Surprisingly, despite the frequency of avoidable errors, very few wind up as medical malpractice lawsuits. A 2013 study concluded that about 1 percent of medical errors resulted in a claim.
A particular reason of objection in medical malpractice lawsuits is ambiguity with respect to what produced the injury to the claimant.
A search of the legal literature (LexisNexis, http://www lexisnexis.com/en-us/home.page; accessed May 31, 2013) does not reveal any medical malpractice lawsuit involving the attachment of liability due to a pathologist's intradepartmental consultation; however, it must be remembered that cases reported in the legal literature comprise only a small percentage of medical malpractice lawsuits that are filed (and ultimately are dismissed or settled before trial).
Another narrowly adopted amendment would hold APRNs not under the supervision of a physician to the higher standard of care for doctors in medical malpractice lawsuits.
While both the positive and negative aspects of such indemnity agreements are clear, these agreements remain a potential sleeping giant in medical malpractice lawsuits. The impact of their use or non-use remains to be seen.
She wrote that the "juxtaposition of soaring health care costs with a decline in medical malpractice payments discredits the notion that medical malpractice lawsuits account for the rising health care costs, a position taken by those who seek to limit patients' access to compensation on these claims."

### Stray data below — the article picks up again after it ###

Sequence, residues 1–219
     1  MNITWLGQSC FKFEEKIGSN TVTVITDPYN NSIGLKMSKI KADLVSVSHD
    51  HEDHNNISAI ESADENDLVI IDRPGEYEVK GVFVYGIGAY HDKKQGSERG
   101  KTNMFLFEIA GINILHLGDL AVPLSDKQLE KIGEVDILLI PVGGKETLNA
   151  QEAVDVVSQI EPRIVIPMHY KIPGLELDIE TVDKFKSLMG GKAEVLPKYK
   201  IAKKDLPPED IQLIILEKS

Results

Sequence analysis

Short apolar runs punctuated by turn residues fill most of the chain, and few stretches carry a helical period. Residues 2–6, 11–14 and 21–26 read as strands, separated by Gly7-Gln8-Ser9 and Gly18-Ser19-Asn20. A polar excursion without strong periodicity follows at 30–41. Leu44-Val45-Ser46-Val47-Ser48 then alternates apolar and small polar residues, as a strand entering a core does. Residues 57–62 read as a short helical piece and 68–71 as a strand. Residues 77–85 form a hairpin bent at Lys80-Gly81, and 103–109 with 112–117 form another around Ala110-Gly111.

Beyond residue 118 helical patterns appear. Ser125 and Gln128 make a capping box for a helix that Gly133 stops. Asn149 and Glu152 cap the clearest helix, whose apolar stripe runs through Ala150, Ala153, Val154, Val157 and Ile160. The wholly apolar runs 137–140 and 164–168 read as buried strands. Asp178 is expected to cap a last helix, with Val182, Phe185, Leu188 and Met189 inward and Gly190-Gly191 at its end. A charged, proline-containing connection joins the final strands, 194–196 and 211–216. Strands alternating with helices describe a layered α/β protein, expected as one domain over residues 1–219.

John Kitzhaber and legislative Republicans reached an agreement last year to avoid a collision over the contentious issue of medical malpractice lawsuits. The agreement allowed the governor's groundbreaking health care reform to move forward, and it now has produced a promising proposal for a better, less costly way of helping patients who are harmed by doctors' errors.
An expert-panel system established several years ago in an attempt to improve medical malpractice lawsuits has withstood a legal challenge, although the state Supreme Court has changed the way the panel's rulings can be used in jury trials.
Physicians, along with healthcare industry representatives, proponents of tort reform, and conservative lawmakers, allege America's medical malpractice crisis fuels exorbitant malpractice insurance premiums, causes younger physicians to migrate away from high-risk specialties, and adds to the sharp escalation of healthcare costs, all resulting from medical malpractice lawsuits flooding the civil justice system.
The Pennsylvania couple, Christina Mecannic, and Michael Yocabet, flied two medical malpractice lawsuits against UPMC on November 21, alleging negligence on the part of UPMC Presbyterian Hospital, University of Pittsburgh Physicians, four doctors, a nurse, and the entire staff of the hospital's kidney transplant center, msnbc.com reported.
'The Minnesota legislature had enacted a law for the purpose of eliminating nuisance medical malpractice lawsuits by requiring plaintiffs to file expert affidavits verifying that their allegations of malpractice were well-founded." The failure of a plaintiff to satisfy the affidavit requirements resulted in mandatory dismissal, with prejudice.